6. ^ Porges, Stephen W.; Dana, Debra A. (2018). Clinical Applications of the Polyvagal Theory: The Emergence of Polyvagal-Informed Therapies (Norton Series on Interpersonal Neurobiology). WW Norton & Company. ISBN 978-1324000518.
  7. ^ Dana, Deb A (2018). The Polyvagal Theory in Therapy. ISBN 978-0-393-71237-7
  8. ^ Reed, Shawn F; Ohel, Gonen; David, Rahav; Porges, Stephen W (September 1999). "A neural explanation of fetal heart rate patterns: A test of the polyvagal theory". Developmental Psychobiology. Wiley. 35 (2): 108–18. doi:10.1002/(SICI)1098-2302(199909)35:2<108::AID-DEV4>3.0.CO;2-N. ISSN 1098-2302. PMID 10461125.
  9. ^ Van Der Kolk, Bessel (2014). The body keeps the score: brain, mind, and body in the healing of trauma. New York: Viking Penguin. p. 80. ISBN 9780670785933. Retrieved 3 February 2018.
  10. ^ Corrigan, Frank E. M. (2014). Neurobiology and treatment of traumatic dissociation toward an embodied self. New York: Springer. p. 510. ISBN 978-0826106315.
  11. ^ https://psychiatrypodcast.com/psychiatry-psychotherapy-podcast/polyvagal-theory-understanding-emotional-shutdown
  12. ^ Grossman, Paul; Taylor, Edwin W. (2007-02-01). "Toward understanding respiratory sinus arrhythmia: Relations to cardiac vagal tone, evolution and biobehavioral functions". Biological Psychology. Special Issue of Biological Psychology on Cardiac Vagal Control, Emotion, Psychopathology, and Health. 74 (2): 263–285. doi:10.1016/j.biopsycho.2005.11.014. ISSN 0301-0511. PMID 17081672.
  13. ^ "Does anyone know of research documenting large heart-rate decrease during episodes of psychological dissociation?". ResearchGate. Retrieved 2020-01-22.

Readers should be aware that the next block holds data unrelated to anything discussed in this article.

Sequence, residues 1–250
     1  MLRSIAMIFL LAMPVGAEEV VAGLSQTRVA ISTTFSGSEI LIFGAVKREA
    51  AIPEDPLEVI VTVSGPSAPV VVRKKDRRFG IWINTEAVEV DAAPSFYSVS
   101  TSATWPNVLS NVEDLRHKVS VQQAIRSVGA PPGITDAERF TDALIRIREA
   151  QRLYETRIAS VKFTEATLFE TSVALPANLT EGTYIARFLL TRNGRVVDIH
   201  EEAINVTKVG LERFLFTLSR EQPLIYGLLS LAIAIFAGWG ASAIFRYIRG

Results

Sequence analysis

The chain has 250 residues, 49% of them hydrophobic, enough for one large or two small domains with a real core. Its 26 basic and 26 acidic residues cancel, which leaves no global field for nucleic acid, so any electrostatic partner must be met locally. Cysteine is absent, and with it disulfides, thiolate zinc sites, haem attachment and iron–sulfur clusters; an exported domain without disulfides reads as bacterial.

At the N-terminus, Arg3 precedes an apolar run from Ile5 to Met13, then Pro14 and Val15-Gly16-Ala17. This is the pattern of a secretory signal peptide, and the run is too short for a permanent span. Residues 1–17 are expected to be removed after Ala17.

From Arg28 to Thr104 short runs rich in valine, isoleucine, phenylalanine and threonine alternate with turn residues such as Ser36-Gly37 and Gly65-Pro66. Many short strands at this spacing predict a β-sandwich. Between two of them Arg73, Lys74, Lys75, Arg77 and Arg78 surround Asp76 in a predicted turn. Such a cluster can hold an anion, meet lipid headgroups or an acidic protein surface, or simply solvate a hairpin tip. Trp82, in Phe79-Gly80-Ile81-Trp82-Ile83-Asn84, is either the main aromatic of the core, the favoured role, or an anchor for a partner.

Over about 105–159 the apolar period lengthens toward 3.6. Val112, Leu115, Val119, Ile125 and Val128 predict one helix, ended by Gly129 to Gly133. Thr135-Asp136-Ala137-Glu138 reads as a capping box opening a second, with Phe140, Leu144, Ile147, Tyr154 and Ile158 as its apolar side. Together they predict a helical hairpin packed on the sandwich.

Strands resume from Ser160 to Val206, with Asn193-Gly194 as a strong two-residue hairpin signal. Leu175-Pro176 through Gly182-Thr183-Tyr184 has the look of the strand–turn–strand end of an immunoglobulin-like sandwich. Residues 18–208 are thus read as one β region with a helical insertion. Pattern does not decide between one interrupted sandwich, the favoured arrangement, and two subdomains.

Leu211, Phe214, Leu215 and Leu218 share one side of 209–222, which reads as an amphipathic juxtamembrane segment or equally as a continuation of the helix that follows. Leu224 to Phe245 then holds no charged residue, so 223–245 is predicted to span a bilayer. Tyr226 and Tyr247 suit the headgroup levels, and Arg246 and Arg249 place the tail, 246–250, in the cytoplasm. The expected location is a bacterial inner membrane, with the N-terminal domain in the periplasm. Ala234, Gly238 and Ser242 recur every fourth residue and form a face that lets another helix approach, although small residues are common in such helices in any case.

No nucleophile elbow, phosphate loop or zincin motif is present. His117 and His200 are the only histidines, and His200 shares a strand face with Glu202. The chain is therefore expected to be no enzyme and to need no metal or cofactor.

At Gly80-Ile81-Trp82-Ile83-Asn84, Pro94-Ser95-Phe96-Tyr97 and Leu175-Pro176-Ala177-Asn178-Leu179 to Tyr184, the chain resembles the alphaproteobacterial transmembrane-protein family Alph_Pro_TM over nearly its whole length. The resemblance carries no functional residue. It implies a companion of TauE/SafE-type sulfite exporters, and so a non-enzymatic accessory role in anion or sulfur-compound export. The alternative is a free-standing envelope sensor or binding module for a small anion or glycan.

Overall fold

14. ^ Grossman, Paul; Taylor, Edwin W. (2007-02-01). "Toward understanding respiratory sinus arrhythmia: Relations to cardiac vagal tone, evolution and biobehavioral functions". Biological Psychology. Special Issue of Biological Psychology on Cardiac Vagal Control, Emotion, Psychopathology, and Health. 74 (2): 263–285. doi:10.1016/j.biopsycho.2005.11.014. ISSN 0301-0511. PMID 17081672.
  15. ^ Barbas-Henry, Heleen (1984). "The Motor Nuclei and Primary Projections of the IXth, Xth, XIth, and XIIth Cranial Nerves in the Monitor Lizard, Varanus exanthematicus". Journal of Comparative Neurology. doi:10.1002/cne.902260409.
  16. ^ Monteiro, Diana (2018). "Cardiorespiratory interactions previously identified as mammalian are present in the primitive lungfish". Science Advances. doi:10.1126/sciadv.aaq0800.
  17. ^ Taylor, E. W. (2010). "Autonomic control of cardiorespiratory interactions in fish, amphibians and reptiles". Brazilian Journal of Medical and Biological Research.
  18. ^ Beauchaine, Theodore P.; Bell, Ziv; Knapton, Erin; McDonough‐Caplan, Heather; Shader, Tiffany; Zisner, Aimee (2019). "Respiratory sinus arrhythmia reactivity across empirically based structural dimensions of psychopathology: A meta-analysis". Psychophysiology. 56 (5): e13329. doi:10.1111/psyp.13329. ISSN 1469-8986. PMC 6453712. PMID 30672603.
  19. ^ a b Roelofs, Karin (2017). "Freeze for action: neurobiological mechanisms in animal and human freezing". Philosophical Transactions of the Royal Society B: Biological Sciences. 372. doi:10.1098/rstb.2016.0206.
  20. ^ a b Johansen, Joshua (2010). "Neural substrates for expectation-modulated fear learning in the amygdala and periaqueductal gray". Nature Neuroscience. doi:10.1038/nn.2594. PMC 2910797.
  21. ^ a b Porges, SW (2011). "The polyvagal theory: New insights into adaptive reactions of the autonomic nervous system". Cleve Clin J Med. doi:10.3949/ccjm.76.s2.17. PMC 3108032.